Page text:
Shea butter has been used to help heal burns, sores, scars, dermatitis, psoriasis, dandruff, and stretch marks. It may also help diminish wrinkles by moisturizing the skin, promoting cell renewal, and increasing circulation. Shea butter also contains cinnamic acid, a substance that helps protect the skin from harmful UV rays.

Shea butter is a particularly effective moisturizer because contains so many fatty acids, which are needed to retain skin moisture and elasticity. The high fatty acid content of shea butter also makes it an excellent additive to soap, shampoos, anti-aging creams, cosmetics, lotions, and massage oils—its soft, butter-like texture melts readily into the skin.

Shea butter protects the skin from both environmental and free-radical damage. It contains vitamins A and E, and has demonstrated both antimicrobial and anti-inflammatory properties.

Shea butter is already added to many cosmetic products, but you can also purchase 100 percent pure shea butter at most health food stores and from online distributors.

Unrefined shea butter is superior in that it retains all its natural vitamins, especially vitamin A and vitamin E. However, the natural smell of shea can be a bit off-putting (stinky), though the aroma does disappear after it has been applied to your skin within minutes. You can also buy ultra-refined and refined shea butter. Both of these types are have a more pleasing scent, color, and consistency, although the refining process may diminish the vitamin potency.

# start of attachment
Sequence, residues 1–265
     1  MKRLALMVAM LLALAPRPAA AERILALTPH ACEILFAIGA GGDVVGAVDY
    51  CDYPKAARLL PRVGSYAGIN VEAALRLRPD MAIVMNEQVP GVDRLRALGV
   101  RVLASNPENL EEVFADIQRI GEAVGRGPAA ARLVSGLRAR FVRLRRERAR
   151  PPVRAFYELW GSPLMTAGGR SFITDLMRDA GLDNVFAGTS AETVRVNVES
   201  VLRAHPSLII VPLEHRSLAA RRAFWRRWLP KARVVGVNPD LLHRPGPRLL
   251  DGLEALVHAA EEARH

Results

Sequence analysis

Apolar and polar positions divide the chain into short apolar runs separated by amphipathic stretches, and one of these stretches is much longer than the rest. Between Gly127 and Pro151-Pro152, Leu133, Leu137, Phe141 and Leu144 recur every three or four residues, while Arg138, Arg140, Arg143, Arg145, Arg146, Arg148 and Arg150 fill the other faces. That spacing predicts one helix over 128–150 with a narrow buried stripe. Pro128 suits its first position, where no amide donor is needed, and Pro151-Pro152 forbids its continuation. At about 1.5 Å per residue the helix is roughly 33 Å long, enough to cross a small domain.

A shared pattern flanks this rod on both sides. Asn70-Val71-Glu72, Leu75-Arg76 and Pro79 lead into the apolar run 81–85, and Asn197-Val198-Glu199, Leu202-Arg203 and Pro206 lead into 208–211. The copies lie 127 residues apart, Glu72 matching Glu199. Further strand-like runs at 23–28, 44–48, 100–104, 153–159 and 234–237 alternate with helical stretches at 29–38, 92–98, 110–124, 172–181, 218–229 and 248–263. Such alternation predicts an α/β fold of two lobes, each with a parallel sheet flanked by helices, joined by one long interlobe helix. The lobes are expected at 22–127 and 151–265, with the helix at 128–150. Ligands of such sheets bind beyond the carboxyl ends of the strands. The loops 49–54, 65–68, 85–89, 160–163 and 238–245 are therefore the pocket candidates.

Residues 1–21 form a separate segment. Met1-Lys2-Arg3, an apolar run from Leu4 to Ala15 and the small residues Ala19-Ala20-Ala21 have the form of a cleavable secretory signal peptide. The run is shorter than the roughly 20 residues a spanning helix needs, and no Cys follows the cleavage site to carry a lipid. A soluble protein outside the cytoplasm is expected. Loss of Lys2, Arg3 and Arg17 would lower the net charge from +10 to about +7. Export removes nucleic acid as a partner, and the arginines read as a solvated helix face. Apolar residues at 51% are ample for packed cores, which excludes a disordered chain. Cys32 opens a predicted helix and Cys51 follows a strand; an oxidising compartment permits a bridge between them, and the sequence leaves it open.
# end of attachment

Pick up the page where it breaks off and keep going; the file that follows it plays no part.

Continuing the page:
Shea Butter will provide improvement in all the conditions listed below. As you use this multi-purpose butter, you are likely to discover additional uses. The amount of time required for optimum results with various conditions may vary with each condition. Wrinkles, for example, require 4 to 6 weeks of daily use. Itching is relieved immediately.